11777 posts in 2405 days

#7 posted 02-23-2016 06:14 AM

Just glue is fine, dadoes or not. I’ve built cabinets with just glue and they hold up fine, one I had to take apart and it splinted and de-laminated the plywood before the glue gave.

-- Rick M,

View Somann's profile


15 posts in 866 days

#8 posted 02-23-2016 08:11 PM

Update: I assembled my first box last night and it turned out great. I used glue and screws in areas that will never be seen, and glue/clamps on the other joints. Attached the face frame after a few hours and everything squared up very well. If the rest turn out as good, I will be quite happy. I do agree with comments about MDF core material, its terribly dusty material to deal with, I have been taking precautions with a good respirator and dust collection. I would much rather work with veneer ply core if I could find some quality material. Thanks for the insights and knowledge, its nice to be able to learn from the others rather then always having to learn the hard way.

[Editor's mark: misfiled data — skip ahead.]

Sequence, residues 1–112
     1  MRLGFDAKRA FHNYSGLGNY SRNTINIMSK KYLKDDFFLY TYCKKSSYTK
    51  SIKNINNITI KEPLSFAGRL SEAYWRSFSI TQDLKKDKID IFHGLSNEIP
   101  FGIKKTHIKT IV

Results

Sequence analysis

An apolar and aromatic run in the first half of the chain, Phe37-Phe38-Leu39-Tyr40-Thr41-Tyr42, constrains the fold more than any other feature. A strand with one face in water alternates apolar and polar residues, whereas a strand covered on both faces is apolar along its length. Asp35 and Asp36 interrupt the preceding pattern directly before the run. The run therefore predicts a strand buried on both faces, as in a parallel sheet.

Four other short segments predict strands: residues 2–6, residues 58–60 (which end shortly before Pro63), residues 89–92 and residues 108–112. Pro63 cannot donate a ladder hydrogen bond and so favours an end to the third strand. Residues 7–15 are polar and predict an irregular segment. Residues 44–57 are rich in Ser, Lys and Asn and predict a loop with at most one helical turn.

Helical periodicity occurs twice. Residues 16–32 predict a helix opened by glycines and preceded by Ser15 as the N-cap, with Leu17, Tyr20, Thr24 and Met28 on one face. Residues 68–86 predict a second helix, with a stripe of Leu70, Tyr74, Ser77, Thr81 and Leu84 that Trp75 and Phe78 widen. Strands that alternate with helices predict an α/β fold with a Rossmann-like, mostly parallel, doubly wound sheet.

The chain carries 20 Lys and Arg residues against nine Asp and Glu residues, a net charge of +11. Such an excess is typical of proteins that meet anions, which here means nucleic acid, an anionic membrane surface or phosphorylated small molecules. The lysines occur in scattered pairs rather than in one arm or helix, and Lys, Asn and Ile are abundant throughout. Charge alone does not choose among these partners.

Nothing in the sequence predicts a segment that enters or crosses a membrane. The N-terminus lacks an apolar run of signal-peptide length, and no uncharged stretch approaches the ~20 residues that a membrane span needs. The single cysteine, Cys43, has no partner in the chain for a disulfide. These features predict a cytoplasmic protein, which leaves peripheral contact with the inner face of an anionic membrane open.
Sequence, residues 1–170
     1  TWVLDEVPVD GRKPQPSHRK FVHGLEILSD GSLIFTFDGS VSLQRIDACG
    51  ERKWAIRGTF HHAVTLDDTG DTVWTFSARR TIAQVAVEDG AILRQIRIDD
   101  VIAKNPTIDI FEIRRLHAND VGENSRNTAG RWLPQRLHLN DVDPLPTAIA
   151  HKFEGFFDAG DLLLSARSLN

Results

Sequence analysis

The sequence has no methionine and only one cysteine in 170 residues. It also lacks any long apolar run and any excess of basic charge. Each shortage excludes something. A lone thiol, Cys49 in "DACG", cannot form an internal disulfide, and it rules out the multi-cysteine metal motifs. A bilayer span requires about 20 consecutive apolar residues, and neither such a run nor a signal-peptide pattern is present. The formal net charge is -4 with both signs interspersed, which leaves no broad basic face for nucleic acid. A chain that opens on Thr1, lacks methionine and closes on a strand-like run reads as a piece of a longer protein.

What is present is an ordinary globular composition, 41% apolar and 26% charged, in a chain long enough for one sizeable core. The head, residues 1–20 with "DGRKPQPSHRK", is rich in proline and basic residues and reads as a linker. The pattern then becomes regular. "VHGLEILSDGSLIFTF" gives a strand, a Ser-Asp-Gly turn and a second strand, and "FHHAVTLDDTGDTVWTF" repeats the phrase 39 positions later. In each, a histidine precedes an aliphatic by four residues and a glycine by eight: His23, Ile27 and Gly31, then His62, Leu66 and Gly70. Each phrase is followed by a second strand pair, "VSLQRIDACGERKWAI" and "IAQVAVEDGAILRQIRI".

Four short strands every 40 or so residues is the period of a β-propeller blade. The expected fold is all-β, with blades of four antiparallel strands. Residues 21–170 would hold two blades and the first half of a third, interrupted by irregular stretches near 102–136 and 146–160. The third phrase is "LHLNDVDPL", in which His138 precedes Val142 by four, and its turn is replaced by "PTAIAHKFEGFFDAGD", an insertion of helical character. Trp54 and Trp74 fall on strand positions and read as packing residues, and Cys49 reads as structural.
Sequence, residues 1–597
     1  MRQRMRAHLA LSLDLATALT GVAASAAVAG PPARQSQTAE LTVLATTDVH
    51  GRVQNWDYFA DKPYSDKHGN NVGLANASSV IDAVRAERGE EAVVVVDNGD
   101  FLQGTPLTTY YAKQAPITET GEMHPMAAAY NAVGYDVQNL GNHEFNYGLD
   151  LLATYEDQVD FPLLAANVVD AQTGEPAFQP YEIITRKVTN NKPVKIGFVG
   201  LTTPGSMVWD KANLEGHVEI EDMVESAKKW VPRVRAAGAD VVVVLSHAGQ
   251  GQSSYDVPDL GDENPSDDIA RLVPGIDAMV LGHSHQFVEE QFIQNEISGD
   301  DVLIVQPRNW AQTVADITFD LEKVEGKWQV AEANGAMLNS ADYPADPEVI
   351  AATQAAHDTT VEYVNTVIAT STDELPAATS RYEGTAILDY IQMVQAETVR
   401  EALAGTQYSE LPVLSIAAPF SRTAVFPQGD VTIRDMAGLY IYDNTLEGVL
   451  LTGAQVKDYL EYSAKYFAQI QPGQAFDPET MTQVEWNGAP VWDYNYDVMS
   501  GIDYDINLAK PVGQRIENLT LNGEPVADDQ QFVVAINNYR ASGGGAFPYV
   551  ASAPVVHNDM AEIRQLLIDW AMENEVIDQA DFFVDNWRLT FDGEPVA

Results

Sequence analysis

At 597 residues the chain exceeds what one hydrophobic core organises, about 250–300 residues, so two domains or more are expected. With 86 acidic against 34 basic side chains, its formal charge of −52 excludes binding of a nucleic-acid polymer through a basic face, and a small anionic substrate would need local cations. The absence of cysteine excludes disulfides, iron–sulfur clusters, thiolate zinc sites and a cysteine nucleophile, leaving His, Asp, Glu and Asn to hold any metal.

View JBrow's profile


1361 posts in 945 days

#9 posted 02-24-2016 01:18 AM


Sounds like your first cabinet is going together well!

My local Menards carries maple, red oak, and birch wood core veneer plywood at ½” and ¾”. They only carry MDF core plywood at ¼” in the local store. I see on their web site that they offer ¼” wood core veneer plywood as well as other hardwood species, which probably must be ordered and shipped to the store. It is generally grade B and affordable. I am now building carcases with the Menards in-store plywood and have found it to be perhaps 99%+ void free.